A Welsh startup last week unveiled a working prototype of a zero-carbon-emission, hydrogen-powered car with no gears.
With a carbon fibre and aluminium outer shell weighing less than 40 kilograms, keeping the weight of the whole car around 500 kilograms, the Riversimple Rasa is incredibly fuel-efficient, able to traverse 500 kilometres on just 1.5 kilograms of hydrogen.
It can go from zero to 100 kilometres an hour – top speed – in around 10 seconds, thanks to an 8.5 kilowatt fuel cell stack adapted from those usually found in forklifts which powers in-wheel electric motors. The same motors double as brakes.
And its only byproduct? Water.
While the Riversimple Rasa is not the only hydrogen fuel cell car out there, it's the first to be built from scratch – unlike other companies, which tend to drop a fuel cell in an existing chassis.
It's slower than a Tesla but has longer range, and has fared well in test drives. Transport journalist Ray Massey, writing in the Daily Mail newspaper, called it "a mini marvel and grounded in reality, not sci-fi".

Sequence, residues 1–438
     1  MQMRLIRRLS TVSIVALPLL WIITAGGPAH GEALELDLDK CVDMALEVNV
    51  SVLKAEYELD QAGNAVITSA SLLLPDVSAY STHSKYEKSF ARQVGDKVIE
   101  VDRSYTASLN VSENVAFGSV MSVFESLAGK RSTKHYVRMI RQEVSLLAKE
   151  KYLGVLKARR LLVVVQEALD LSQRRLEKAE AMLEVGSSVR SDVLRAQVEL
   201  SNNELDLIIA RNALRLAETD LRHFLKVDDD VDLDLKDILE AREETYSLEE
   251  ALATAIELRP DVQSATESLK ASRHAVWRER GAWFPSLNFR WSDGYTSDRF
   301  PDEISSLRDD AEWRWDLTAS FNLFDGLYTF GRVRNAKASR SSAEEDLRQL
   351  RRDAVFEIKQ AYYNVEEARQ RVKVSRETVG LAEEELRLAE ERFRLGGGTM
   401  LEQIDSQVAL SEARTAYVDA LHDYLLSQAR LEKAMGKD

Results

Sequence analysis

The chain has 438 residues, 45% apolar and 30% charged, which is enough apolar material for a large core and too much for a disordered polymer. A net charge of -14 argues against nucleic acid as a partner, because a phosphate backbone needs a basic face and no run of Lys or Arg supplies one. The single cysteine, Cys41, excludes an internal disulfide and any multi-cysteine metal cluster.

So will we see it driving down the highways soon?
Probably not. Hydrogen-fuelling stations are few and far between at the moment, although plans are afoot to have more built across Europe, the US and Asia. Australia has just one station, which opened last year in Sydney.
But evenutally, Riversimple says, the Rasa will be part of a "sale of service" business model, meaning drivers will pay to access a Rasa, rather than buy or lease them.
But before that even happens, 20 drivers will take part in a 12-month trial starting later this year to see how the little car fares with day-to-day life.
Watch it zip around here: